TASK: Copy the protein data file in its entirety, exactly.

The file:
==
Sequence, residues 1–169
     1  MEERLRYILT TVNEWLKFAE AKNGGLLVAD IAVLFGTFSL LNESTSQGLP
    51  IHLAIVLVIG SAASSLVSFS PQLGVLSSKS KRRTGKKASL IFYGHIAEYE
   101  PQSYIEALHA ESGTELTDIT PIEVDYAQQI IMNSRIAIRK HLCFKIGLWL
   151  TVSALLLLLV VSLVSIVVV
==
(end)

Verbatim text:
Sequence, residues 1–169
     1  MEERLRYILT TVNEWLKFAE AKNGGLLVAD IAVLFGTFSL LNESTSQGLP
    51  IHLAIVLVIG SAASSLVSFS PQLGVLSSKS KRRTGKKASL IFYGHIAEYE
   101  PQSYIEALHA ESGTELTDIT PIEVDYAQQI IMNSRIAIRK HLCFKIGLWL
   151  TVSALLLLLV VSLVSIVVV